Note that I"m not sure why the payout rates aren't always linear in that table.  For example why is the payout rate for a 60 year old man and 50 year old wife better than a 70 year old man and 50 year old wife?  I'd assume the 70 year old man and 50 year old wife would have lower payout.  I'm not sure if the numbers are inaccurate or if theres something going on with the mortality rates or how insurance companies quote the figures that I'm not aware of.  

Single life annuity rates are :

           50 4.45% 4.55%
           51 4.55% 4.57%
           52 4.60% 4.59%
           53 4.65% 4.62%
           54 4.75% 4.65%
           55 4.70% 4.76%
           56 4.98% 4.82%
           57 5.11% 4.85%
           58 5.20% 4.89%
           59 5.28% 4.95%
           60 5.25% 5.08%
           61 5.32% 5.15%
           62 5.10% 5.20%
           63 5.34% 5.23%
           64 5.70% 5.25%
           65 5.73% 5.29%
           70 6.60% 6.25%
           75 7.85% 7.30%

Again I'm not sure why the numbers aren't always linear.  I'm sure its not mortality tables doing that since.   I suspect there may be something wrong in the database.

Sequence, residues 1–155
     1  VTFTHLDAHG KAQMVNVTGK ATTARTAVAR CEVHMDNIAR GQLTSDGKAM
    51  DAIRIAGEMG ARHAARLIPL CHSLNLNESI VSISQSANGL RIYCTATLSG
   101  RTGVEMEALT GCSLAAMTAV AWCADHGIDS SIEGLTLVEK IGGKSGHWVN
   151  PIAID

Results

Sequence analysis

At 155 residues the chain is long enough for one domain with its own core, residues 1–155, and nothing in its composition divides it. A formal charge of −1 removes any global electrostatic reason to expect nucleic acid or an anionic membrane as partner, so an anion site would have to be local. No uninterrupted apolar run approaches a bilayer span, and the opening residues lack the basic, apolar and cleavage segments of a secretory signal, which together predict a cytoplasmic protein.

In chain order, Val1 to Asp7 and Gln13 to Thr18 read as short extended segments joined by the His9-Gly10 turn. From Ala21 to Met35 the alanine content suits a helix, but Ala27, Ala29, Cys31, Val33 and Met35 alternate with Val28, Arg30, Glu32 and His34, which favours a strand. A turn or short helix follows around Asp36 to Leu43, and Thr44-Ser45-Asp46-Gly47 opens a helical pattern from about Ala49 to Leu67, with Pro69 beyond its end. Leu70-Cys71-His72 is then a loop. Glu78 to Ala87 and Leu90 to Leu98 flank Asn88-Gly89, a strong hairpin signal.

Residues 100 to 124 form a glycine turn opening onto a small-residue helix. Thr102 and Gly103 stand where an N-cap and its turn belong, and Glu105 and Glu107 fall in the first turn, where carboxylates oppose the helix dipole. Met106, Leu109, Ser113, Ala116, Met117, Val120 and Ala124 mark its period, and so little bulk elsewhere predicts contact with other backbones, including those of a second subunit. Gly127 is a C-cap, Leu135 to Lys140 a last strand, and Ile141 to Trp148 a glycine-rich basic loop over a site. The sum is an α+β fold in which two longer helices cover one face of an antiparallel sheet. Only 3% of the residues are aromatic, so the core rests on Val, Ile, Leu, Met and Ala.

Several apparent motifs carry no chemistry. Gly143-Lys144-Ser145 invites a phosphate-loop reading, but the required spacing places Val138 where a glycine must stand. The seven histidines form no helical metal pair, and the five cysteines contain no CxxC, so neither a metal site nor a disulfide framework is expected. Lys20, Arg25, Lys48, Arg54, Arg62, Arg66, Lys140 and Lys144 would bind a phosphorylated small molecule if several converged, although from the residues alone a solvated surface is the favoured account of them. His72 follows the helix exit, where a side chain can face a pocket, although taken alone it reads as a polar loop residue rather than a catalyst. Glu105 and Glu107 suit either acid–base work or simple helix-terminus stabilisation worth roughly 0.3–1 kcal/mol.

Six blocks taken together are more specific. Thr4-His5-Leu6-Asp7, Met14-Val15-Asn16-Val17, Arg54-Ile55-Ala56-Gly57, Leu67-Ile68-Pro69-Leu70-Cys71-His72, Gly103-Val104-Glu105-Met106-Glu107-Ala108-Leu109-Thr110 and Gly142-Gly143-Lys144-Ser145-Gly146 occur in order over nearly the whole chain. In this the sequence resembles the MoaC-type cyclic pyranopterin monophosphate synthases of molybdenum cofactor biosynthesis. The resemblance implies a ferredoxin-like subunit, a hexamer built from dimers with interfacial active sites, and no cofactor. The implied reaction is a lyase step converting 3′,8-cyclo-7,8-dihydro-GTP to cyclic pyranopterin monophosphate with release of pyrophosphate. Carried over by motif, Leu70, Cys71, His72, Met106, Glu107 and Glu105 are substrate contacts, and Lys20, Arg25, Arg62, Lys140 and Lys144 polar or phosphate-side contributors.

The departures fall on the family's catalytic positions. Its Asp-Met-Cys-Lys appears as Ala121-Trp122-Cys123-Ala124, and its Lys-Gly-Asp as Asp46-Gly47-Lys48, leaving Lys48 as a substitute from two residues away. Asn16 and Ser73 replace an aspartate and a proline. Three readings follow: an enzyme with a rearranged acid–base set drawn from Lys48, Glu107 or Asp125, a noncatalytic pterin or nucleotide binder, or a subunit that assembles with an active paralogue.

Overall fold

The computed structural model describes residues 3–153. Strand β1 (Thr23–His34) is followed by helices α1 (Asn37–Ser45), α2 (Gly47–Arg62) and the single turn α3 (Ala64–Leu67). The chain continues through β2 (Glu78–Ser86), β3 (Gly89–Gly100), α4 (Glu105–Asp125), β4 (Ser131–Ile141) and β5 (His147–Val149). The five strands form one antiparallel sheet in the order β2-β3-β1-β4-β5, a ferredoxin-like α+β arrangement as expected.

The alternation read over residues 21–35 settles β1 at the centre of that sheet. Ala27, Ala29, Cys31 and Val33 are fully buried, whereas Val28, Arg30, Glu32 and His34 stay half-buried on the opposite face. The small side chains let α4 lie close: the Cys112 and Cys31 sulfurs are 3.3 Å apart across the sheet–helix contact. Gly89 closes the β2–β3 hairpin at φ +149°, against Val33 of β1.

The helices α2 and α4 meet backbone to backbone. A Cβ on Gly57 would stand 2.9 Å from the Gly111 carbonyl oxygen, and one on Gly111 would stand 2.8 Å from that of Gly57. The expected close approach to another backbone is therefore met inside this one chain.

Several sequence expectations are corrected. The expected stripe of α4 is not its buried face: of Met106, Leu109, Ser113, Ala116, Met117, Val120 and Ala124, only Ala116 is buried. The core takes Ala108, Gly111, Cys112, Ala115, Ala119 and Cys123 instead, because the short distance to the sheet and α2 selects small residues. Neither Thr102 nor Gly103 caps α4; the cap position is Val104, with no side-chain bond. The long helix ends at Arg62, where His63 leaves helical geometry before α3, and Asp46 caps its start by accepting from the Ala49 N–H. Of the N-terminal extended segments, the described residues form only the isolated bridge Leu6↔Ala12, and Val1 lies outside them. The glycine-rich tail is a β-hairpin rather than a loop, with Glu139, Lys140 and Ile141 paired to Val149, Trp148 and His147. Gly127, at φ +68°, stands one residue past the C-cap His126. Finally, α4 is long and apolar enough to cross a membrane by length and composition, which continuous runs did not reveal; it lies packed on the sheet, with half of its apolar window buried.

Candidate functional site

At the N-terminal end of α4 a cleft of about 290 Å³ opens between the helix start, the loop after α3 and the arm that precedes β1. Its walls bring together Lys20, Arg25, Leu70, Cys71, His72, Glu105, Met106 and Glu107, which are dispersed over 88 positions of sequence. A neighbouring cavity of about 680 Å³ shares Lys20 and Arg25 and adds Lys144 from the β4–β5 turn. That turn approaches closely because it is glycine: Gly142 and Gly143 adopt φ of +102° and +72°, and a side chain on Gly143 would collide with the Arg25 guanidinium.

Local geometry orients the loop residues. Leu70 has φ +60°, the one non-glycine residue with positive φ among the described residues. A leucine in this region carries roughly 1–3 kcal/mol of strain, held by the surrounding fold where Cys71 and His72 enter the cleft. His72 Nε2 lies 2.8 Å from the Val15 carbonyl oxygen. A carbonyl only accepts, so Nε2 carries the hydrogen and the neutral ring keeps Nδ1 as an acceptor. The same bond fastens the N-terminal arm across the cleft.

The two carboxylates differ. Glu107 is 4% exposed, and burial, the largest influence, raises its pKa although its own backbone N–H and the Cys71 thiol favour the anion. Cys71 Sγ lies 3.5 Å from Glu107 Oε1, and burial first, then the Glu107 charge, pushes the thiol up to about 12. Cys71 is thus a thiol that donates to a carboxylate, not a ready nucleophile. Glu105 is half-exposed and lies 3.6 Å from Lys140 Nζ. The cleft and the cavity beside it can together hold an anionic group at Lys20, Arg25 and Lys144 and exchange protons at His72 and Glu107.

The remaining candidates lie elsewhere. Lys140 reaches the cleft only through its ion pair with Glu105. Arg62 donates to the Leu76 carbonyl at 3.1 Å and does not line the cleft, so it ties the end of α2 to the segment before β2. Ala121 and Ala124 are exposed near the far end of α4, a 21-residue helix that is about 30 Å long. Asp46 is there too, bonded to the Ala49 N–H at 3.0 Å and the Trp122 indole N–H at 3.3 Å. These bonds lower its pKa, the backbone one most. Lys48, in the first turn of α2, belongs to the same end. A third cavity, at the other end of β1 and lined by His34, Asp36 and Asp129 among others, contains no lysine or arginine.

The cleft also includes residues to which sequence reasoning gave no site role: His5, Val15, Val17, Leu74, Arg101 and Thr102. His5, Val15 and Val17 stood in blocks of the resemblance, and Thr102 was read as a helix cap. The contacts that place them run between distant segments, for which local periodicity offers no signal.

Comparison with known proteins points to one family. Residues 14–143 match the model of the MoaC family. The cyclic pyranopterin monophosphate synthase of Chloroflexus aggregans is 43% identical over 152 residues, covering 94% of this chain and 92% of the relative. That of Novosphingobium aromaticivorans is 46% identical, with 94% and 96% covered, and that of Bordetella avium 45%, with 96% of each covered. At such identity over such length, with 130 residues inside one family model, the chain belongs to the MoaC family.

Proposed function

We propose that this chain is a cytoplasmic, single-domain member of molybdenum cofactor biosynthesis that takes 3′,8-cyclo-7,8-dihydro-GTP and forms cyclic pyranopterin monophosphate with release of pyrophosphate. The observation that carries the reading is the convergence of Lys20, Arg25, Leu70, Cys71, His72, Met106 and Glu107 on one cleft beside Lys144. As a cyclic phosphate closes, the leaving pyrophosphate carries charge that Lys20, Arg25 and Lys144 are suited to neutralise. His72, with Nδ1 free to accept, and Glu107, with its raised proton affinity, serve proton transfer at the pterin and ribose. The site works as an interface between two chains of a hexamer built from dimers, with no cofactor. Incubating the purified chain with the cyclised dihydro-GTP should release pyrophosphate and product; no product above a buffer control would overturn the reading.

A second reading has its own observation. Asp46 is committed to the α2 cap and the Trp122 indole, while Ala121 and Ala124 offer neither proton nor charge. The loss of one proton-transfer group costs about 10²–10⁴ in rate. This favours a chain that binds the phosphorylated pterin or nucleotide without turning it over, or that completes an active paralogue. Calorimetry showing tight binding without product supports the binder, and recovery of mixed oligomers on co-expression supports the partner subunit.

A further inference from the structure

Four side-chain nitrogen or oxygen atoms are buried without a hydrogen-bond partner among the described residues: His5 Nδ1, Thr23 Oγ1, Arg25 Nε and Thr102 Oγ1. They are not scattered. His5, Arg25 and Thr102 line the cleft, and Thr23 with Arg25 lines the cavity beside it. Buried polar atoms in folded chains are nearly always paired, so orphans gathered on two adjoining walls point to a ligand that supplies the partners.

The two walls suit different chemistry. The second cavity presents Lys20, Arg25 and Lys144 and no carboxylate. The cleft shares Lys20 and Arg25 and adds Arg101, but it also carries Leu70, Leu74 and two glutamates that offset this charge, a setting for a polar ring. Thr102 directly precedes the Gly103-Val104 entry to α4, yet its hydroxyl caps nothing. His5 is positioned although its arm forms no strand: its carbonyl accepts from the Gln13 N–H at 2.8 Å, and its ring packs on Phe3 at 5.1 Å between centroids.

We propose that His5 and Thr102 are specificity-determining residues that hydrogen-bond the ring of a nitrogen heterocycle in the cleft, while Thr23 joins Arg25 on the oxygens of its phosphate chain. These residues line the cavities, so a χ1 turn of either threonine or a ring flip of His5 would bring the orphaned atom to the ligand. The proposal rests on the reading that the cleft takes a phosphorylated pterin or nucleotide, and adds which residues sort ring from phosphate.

These annuities would not have any kind of cost of living adjustment so keep that in mind.
It may be worth it to get an annuity with 10 or 15 year certain return.  Sometimes the 10 year certain return annuities are the same payout and the 15 year can be marginally lower.   Its kind of like an insurance policy for your heirs if you want just to feel confident that the money won't be wasted in the worst case that both spouses pass prematurely.


September 12, 2014

Best of Blogs for Week of September 12th

Every Friday afternoon I share some of the more interesting or notable posts that I have seen in the personal finance blogs and other sources for the past week

DoughRoller covers  The 5-Year Roth IRA Rule for Contributions (breaking the rule is costly)

MyMoneyBlog points out that College Tuition Hasn’t Risen As Much As You Think
(and he even linked to one of my posts in that one which makes me like the article even that much more )